A rollover from a Roth 401(k) (or similar employer Roth plan) does not count. If the check from the employer is made payable to the plan participant, the 60-day rollover period does still apply but there is no once-per-12-month limit.

Funds that are not eligible for rollover, but are nevertheless rolled over, become excess contributions in the receiving account. Excess contributions are subject to a penalty of 6% per year for every year they remain in the account. The penalty is reported on Form 5329, which is filed with the account owner’s federal income tax return. If the form is not filed, the statute of limitations does not start to run on the penalty.

All of the above limits and potential problems can be eliminated by doing direct transfers. Instead of having a check made out to the individual, it should be made out to the receiving institution for benefit of the individual’s Roth IRA account. Then there is no 60 days to worry about, no once-per-year rule, and no worries about excess contributions.

IRS can allow extra time to complete a rollover in limited situations. The catch - the fees you have to pay. The extension can only be granted by requesting a private letter ruling. The IRS fees range from $500 to $3,000 depending on the amount of the rollover. In addition, you have to pay someone to prepare the ruling request. There is no guarantee that IRS will grant any request. If the request is denied, there are no refunds.

- By Beverly DeVeny and Jared Trexler

Slott Report Mailbag: Can I Contribute to a Roth IRA AFTER a Backdoor Roth IRA Conversion?

Roth IRA conversion questionThis week's Slott Report Mailbag comes to you from the Manchester Grand Hyatt in San Diego, California and Ed Slott's 2-Day IRA Workshop, Instant IRA Success. We answer questions on Roth IRA contributions and more - and as always, we suggest you work with a competent, educated financial advisor who can steer you to a safe, secure retirement.


If a person does a backdoor Roth IRA conversion, can he or she contribute to it thereafter?

Yes, as long as you qualify to make a tax-year Roth IRA contribution. For example, you would need to have compensation and income below certain levels to be able to make a tax-year Roth IRA contribution of $5,500 for 2013 (or $6,500 if age 50 or older).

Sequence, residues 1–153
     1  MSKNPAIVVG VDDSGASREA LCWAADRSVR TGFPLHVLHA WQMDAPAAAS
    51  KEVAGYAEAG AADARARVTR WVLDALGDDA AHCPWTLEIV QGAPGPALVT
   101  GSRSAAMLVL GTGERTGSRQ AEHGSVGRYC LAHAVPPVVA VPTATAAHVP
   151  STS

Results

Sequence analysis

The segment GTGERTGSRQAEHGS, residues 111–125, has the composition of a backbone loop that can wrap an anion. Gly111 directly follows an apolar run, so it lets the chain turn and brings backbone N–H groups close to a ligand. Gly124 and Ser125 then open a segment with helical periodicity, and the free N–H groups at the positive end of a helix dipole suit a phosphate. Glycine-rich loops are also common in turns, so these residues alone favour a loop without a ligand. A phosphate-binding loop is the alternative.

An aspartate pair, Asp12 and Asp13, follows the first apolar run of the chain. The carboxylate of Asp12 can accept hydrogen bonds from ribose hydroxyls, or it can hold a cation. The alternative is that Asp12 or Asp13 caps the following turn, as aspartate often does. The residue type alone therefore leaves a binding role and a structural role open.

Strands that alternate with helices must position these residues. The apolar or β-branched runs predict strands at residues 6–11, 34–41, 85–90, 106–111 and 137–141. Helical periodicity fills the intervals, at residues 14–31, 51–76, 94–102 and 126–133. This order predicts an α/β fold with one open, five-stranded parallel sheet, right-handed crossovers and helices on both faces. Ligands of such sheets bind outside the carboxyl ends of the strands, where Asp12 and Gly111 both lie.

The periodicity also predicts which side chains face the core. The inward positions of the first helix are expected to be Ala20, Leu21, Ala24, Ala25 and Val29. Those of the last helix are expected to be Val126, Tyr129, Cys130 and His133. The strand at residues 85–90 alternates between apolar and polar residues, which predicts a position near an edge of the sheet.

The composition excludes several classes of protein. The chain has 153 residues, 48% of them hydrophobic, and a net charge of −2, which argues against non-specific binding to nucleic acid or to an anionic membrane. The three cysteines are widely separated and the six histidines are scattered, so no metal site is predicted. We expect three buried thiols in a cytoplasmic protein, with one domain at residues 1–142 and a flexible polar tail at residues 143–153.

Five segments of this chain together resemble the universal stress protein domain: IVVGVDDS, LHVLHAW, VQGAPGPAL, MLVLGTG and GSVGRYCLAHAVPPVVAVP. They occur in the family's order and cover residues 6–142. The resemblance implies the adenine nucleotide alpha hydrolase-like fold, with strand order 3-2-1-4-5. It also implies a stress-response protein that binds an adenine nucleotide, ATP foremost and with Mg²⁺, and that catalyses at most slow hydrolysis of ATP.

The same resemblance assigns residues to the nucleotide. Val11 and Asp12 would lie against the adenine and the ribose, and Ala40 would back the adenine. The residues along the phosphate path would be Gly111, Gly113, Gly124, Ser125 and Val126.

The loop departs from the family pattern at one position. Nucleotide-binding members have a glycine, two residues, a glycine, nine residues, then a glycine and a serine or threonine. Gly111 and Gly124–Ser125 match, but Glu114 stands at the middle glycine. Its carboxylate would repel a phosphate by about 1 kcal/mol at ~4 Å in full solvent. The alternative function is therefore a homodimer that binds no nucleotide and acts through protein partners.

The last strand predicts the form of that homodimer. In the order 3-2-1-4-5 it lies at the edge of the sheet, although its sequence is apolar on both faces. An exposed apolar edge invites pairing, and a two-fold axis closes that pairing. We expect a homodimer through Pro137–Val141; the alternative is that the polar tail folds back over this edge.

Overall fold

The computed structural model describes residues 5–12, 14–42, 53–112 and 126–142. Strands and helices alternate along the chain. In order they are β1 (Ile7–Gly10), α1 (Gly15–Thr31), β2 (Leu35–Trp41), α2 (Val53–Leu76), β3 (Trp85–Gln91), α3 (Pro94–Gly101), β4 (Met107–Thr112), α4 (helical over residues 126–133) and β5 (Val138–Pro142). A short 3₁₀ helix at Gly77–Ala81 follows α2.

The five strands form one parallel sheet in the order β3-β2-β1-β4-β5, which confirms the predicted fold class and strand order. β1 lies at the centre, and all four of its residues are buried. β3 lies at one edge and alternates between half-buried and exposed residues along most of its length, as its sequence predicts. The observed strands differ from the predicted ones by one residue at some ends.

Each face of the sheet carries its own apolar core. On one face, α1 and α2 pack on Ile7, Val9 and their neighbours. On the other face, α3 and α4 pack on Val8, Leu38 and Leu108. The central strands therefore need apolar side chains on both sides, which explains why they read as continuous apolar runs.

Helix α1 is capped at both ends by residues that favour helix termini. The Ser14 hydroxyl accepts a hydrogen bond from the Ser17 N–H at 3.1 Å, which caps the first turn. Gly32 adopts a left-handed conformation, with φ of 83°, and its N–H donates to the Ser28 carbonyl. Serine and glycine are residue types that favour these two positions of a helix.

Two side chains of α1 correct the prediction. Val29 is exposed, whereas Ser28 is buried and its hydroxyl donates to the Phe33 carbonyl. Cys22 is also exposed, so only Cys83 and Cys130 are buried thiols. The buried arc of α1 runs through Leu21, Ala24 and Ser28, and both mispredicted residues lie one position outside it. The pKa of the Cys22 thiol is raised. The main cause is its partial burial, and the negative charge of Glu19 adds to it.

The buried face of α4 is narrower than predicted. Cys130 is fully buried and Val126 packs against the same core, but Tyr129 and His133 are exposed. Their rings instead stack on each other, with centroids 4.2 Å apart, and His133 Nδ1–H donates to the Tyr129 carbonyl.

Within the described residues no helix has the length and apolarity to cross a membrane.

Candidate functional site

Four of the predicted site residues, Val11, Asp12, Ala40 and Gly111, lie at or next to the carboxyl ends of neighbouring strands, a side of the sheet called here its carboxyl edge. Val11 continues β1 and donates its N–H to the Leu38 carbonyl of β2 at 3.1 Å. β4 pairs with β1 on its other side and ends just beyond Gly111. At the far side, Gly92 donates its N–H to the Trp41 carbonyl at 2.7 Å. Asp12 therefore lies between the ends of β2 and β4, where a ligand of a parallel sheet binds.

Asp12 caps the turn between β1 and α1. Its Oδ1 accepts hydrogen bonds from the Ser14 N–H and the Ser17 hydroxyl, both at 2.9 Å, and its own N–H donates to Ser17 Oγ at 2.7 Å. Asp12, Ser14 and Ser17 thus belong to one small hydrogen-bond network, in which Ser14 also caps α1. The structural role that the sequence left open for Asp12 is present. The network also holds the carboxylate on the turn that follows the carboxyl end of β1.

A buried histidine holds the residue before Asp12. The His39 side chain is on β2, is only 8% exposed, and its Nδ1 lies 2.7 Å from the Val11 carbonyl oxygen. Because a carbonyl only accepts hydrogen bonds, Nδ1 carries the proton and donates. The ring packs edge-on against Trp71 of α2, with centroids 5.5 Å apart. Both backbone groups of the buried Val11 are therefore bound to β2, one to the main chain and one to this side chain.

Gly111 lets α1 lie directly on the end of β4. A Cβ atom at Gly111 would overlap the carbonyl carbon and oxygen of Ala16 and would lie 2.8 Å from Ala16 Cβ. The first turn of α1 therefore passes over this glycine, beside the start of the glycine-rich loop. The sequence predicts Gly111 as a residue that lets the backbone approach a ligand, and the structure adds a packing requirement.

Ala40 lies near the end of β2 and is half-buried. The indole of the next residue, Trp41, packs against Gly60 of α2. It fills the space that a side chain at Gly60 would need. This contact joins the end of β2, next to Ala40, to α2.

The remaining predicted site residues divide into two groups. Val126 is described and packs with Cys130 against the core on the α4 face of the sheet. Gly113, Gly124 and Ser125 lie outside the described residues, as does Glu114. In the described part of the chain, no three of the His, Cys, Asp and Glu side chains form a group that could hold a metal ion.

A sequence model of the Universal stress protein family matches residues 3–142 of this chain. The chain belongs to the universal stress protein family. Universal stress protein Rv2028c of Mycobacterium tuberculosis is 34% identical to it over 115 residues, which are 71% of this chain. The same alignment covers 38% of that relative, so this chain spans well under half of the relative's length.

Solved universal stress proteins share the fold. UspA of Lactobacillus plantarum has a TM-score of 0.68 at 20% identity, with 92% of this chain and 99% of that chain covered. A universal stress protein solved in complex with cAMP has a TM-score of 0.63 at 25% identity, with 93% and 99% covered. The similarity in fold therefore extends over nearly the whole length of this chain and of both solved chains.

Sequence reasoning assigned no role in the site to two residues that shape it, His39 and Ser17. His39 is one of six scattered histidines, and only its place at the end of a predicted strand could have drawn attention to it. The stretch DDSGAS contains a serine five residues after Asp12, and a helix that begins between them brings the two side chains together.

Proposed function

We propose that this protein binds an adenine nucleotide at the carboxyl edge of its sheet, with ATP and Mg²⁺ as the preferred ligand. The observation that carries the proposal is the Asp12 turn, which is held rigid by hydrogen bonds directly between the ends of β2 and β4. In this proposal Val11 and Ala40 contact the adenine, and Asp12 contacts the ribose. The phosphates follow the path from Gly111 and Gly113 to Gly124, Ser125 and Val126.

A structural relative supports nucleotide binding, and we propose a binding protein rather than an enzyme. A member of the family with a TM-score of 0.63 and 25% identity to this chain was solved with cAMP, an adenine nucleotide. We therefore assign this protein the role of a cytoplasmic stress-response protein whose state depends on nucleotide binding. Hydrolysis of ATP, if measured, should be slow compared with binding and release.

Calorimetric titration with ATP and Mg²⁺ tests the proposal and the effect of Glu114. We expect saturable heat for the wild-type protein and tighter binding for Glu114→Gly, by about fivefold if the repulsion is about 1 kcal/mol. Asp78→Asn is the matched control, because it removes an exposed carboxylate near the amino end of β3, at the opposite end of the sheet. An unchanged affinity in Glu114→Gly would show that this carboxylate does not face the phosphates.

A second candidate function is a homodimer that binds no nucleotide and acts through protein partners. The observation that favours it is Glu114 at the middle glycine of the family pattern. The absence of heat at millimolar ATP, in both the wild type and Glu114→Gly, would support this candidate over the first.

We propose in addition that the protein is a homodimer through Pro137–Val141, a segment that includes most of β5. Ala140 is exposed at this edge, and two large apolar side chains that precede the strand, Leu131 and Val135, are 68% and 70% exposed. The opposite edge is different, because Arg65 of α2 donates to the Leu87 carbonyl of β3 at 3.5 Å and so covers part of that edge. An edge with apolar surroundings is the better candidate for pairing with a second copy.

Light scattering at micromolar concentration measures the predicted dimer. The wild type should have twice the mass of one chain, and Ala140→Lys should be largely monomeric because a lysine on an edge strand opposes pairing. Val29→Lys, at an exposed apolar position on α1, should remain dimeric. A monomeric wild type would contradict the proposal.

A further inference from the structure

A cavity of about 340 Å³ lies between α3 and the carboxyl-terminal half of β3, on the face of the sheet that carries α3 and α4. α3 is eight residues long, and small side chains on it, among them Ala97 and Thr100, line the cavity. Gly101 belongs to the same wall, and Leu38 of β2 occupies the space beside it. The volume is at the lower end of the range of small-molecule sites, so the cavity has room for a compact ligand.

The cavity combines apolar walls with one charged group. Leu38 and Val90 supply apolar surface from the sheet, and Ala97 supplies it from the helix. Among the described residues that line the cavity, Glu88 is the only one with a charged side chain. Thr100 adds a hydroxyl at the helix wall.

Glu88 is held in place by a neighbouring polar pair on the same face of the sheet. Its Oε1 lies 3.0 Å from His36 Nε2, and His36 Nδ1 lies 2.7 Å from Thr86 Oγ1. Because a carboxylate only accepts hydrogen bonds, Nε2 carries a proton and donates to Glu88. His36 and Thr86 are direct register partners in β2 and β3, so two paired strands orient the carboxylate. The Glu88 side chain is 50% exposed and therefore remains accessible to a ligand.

I'm hoping you can help me with this question, and your website is very good and worth joining in my opinion.

I have an acquaintance through a catholic non-profit organization, who is a sister in the convent. Before she became a sister, she worked for a corporation and has an IRA account as the result of a 401(k) plan rollover. She is approaching age 70 ½ and will need to take an RMD (required minimum distribution). The problem is that any income received by any of the sisters in the convent could conceivably harm their non-profit status.

Can you tell me if you have had any experience with this situation, and is there a workaround that you may be aware of?

Thank you for your help!

She may want to consider doing a direct IRA distribution of up to $100,000 to a qualified charity (known as a qualified charitable distribution or QCD). The amount will be tax-free to the IRA owner. This provision is only available to those age 70 ½ or older at the time of the distribution and is set to expire at the end of this year. Other than this provision, IRAs cannot be gifted or assigned during the lifetime of the account owner. Such a transfer would be taxable to the account owner and the recipient would not have a tax-deferred account.



When my daughter converts my wife and my IRAs to inherited IRAs after we die, is she required to begin RMDs as soon as she converts them or can she wait until age 70 ½? Also, is she required to make RMDs on her inherited Roth IRAs?


Assuming your daughter wants to have a stretch IRA, when inherited IRAs are created after your death, RMDs will have to be taken beginning the year after your death. This is true for both traditional and Roth IRAs.

- By Joe Cicchinelli, Beverly DeVeny and Jared Trexler